• Langkawi – Duty free Island great for soaking up sun on the beaches and drinking a few beers. Very pretty.
  • Cameron Highlands – A place to cool off. Nice little highland towns with a jungle setting and large tea plantations. Read our post about the Cameron Highlands.
  • Perhentian Islands – Very pretty beaches still quiet enough to remain unspoilt -for now.

Malaysian Borneo

  • Sarawak – Massive jungle which is home to amazing Orangutans. Here you will find some of the best national parks in Malaysia.
  • Sabah – Home of Mount Kinabalu, a popular climb for the more adventurous type, as well as plenty more jungles and national parks.

Read All Our Posts From Our Time In Malaysia

cameron highlands
Kelly Hunting Trees

Good to Know When Travelling Malaysia

Public Holidays
They have a ton of them. With the amount of religions across the country is probably no surprise there are lots of days of celebration. This will not always mean things shut down as most businesses seem to operate normally. You do have to be careful booking hotels in the more popular areas though. We could not get a hotel (that was not $300) for 4 days in the Cameron Highlands because it was towards the end of Hari Raya and people flock there from Kuala Lumpur. Full list of holidays here

Although we found the country to be very safe, the general attitude towards women could be better. A girl walking along the street can occasionally find herself the target of kissing noises and unwanted male attention. This sometimes happened to Kelly when I was standing right next to her. It can be intimidating, but Kelly found that  a nasty glare or simply ignoring them was the best option. Some  cities have really bad lighting so can be pretty scary at night. If travelling alone I would stick to public areas at night and use common sense.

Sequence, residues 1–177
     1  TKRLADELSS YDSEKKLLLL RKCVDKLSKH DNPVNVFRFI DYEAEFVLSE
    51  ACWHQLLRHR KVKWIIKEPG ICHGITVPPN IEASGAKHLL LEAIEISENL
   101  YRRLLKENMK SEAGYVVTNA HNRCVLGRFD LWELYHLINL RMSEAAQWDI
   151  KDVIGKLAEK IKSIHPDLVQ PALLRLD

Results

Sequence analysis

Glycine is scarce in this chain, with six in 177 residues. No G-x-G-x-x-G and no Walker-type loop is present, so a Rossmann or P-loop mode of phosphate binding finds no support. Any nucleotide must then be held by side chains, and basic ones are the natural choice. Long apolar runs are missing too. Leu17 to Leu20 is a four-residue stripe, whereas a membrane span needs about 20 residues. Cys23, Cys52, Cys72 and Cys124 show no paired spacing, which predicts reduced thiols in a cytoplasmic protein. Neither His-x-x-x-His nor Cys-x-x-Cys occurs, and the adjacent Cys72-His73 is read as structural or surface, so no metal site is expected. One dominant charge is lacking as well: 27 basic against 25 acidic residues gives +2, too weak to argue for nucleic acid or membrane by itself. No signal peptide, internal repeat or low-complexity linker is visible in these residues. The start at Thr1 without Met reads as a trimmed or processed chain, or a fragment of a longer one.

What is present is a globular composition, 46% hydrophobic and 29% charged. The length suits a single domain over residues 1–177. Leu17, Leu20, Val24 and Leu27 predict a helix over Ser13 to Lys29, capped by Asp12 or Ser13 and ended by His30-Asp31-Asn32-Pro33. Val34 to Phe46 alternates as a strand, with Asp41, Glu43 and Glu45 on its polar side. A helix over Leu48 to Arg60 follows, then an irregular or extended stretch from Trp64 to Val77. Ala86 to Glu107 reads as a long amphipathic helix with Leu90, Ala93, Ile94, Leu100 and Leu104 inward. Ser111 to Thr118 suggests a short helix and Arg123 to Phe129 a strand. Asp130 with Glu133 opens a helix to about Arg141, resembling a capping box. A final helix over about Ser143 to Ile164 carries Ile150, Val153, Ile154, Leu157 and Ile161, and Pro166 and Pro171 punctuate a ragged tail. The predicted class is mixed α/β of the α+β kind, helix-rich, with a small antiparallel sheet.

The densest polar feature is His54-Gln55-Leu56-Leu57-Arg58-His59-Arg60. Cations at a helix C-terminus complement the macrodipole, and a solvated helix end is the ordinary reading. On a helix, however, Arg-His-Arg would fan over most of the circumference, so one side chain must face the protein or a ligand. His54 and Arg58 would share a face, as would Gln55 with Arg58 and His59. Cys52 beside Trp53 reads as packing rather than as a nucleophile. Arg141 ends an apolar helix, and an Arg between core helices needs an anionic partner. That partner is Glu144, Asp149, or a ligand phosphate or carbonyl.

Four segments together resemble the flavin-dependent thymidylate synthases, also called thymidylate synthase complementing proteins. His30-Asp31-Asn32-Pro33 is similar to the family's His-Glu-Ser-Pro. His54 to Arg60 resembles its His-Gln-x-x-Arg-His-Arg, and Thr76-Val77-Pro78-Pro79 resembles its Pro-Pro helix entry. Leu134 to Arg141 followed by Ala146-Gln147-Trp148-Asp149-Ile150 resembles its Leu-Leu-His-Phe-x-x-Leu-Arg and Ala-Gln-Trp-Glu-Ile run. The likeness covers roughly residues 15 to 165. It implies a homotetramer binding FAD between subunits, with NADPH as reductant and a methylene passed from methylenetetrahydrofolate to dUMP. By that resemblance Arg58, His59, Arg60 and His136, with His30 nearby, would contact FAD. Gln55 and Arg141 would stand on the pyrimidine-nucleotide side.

Sim Cards
Malaysia has very good mobile coverage. Local calls and texts are pretty cheap but as always International calls can get pricey. I usually only use data so I bought myself a Data Only sim card from Celcom. The first month was unlimited internet (3GB uncapped) for 30 Ringgit and then 50 Rinnggit per month in the following months. (or 20 Ringgit per week)

Respect Malaysia is pretty laid back but try not to forget it is also a Muslim country. We were there during the month of Ramadan so we tried not to eat in obvious public places in the day, but overall it really did not affect  us (apart from being invited to an enormous feast!). Being drunk in public is looked down upon and dressing appropriately is appreciated. If you are at the beach, wearing a bikini is fine. If you are at the airport or the mall wearing a bikini is not fine (It should really go without saying). If visiting a religious site be sure to dress respectfully or you may be denied entry or at least show a lack of respect.

Further Reading

WikiTravel Malaysia – Much more in depth travel guide
Lonely Planet Malaysia – A Popular Guidebook
WorldTravelist Malaysia – Lots of posts from bloggers

Lee Carter

Born and raised in Accrington, UK, Lee has ventured far beyond his hometown, traveling throughout Europe, Southeast Asia, North America and New Zealand. He is the co-founder of Global Goose and as well as writing the occasional rant he can be found tweaking the code and taking photos of amazing things around the world. Lee and Kelly have no plans to stop their "Gap Decade" anytime soon.